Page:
An Eye for a Tooth (1943) – Dornford Yates

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Book review by George S: This is one of Dornford Yates’s Chandos series of thrillers. The cover of the first edition makes that very clear. It pictures a mediaeval-looking street (which does not correspond to any location in the novel) hung with signs advertising the previous thrillers in the series. It’s an odd cover – but presumably drove home the message that Yates was in this book providing the mixture as before.

If you don’t know Yates, here’s a brief run-down of his rather odd writing career. In the teens and twenties he specialised in the ‘Berry’ series – short stories about a group of upper-class friends. Light-hearted and snobbish stories, often showing the heroes getting the better of someone nouveau riche, or foreign, or Jewish.

By 1927 Yates was running out of steam with this kind of book, so took one of the cast of the comic series – Jonah Mansel – and made him the lead of a thriller, Blind Corner (1927).

This is very much an imitation of John Buchan, and of Sapper’s ‘Bulldog Drummond’ series. Buchan, Sapper and Yates have sometimes been classed together as the creators of ‘Clubland Heroes’ (and sometimes as purveyors of ‘Snobbery with Violence’).

The essence of Bulldog Drummond was that he was an ex-soldier bored with civilian life, who uses the skills learned in war to combat peacetime villains – criminals, foreigners, socialists, etc. In 1927, Yates came rather late to the game. These were action novels, and ex-soldiers were now getting on a bit. So while he has ex-soldier Jonah Mansel as his main hero, he has him recruit two of the younger generation to help him – Richard Chandos and George Hanbury, who ‘had lately been sent down from Oxford for using some avowed communists as many thought they deserved’. This would have struck a chord in 1927, just after the General Strike, when Oxford and Cambridge undergraduates were much praised for their efforts in strike-breaking. Chandos and Hanbury were the sort of young man who showed older readers that there was hope for England yet.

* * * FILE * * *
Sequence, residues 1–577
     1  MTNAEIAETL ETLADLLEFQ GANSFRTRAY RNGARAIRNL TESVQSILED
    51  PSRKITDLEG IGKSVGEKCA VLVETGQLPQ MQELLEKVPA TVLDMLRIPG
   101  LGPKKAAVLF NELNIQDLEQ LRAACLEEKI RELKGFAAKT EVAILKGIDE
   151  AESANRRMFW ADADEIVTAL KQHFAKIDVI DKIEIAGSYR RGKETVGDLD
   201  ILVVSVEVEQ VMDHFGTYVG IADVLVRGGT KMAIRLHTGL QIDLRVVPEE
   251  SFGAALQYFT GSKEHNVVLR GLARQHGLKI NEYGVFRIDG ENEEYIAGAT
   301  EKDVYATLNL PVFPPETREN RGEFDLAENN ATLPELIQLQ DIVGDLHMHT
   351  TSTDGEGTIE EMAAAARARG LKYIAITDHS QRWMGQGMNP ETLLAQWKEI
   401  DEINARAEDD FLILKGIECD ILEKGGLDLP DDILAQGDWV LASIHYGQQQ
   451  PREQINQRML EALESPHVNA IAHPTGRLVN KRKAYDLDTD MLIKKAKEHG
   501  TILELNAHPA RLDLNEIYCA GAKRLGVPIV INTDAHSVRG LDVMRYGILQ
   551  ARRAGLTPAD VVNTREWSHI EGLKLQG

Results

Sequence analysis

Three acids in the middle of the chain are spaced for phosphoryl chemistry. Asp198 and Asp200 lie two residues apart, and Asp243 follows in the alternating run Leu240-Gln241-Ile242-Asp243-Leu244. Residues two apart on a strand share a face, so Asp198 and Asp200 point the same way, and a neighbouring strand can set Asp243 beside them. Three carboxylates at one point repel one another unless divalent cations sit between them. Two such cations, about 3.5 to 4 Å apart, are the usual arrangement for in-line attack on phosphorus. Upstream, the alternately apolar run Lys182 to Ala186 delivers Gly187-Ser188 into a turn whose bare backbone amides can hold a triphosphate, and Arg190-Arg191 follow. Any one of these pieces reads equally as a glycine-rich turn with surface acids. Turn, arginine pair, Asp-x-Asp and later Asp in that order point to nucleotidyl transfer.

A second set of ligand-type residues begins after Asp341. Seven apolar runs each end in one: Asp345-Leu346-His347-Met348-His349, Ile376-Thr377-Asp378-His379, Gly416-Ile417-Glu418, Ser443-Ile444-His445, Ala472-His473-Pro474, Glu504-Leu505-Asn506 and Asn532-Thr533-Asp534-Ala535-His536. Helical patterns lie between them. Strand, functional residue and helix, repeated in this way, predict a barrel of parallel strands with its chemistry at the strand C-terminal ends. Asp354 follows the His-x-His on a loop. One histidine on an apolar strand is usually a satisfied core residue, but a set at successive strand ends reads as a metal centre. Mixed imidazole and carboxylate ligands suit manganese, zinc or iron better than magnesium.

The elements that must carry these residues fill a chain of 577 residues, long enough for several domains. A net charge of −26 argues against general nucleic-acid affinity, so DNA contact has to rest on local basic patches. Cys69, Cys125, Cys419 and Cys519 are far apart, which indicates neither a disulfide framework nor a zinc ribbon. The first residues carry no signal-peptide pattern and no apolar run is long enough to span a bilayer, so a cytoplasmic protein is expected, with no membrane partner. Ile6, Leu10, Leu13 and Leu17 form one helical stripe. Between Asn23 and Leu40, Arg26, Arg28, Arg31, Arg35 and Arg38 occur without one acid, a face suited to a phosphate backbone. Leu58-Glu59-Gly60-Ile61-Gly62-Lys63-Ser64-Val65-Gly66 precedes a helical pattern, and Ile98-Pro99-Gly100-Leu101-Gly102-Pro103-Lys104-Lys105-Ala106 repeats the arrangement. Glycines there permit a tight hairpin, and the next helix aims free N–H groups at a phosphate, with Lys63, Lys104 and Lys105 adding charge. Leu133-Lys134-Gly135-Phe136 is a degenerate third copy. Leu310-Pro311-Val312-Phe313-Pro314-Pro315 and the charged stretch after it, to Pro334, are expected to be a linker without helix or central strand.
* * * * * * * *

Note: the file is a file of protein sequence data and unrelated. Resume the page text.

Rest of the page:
The novels are sometimes called the ‘Chandos’ series because Richard Chandos is the narrator.This novel is set in Austria. Mansel, Chandos and Hanbury are on their way back from the events described in Blind Corner, driving through Austria, when they come across a dead body in the road. They spot clues that the man has been murdered and – more intriguingly – that someone seems very anxious for the body to be found. They decide to hide the body and see what happens.

Soon they are in the middle of an evil plot. The corpse was an Englishman, Major Bowshot. He will turn out to have been a decent man in love with the wife of an evil Austrian duke, who arranged his murder with the assistance of some scheming English solicitors who had their own reasons for wanting him dead.

The book is a straight conflict of good and evil. The three heroes are dauntless, upright and Brave. The Duke is demented, and the men he employs to carry out his dirty work are all evil and repulsive. Here is a description of one of them:

Biretta was truly repulsive. He was short and fat and greasy and overdressed. His skin was very swarthy, his hair was black and he had a way of pursing his heavy lips. His face was fleshy, his eyes were small and close-set, and his air was very pompous, as is the way of small fry when an unfamiliar greatness is thrust upon them.

The bad men are not only repulsive but stupid and inefficient. Mansel knows this and turns it to his advantage: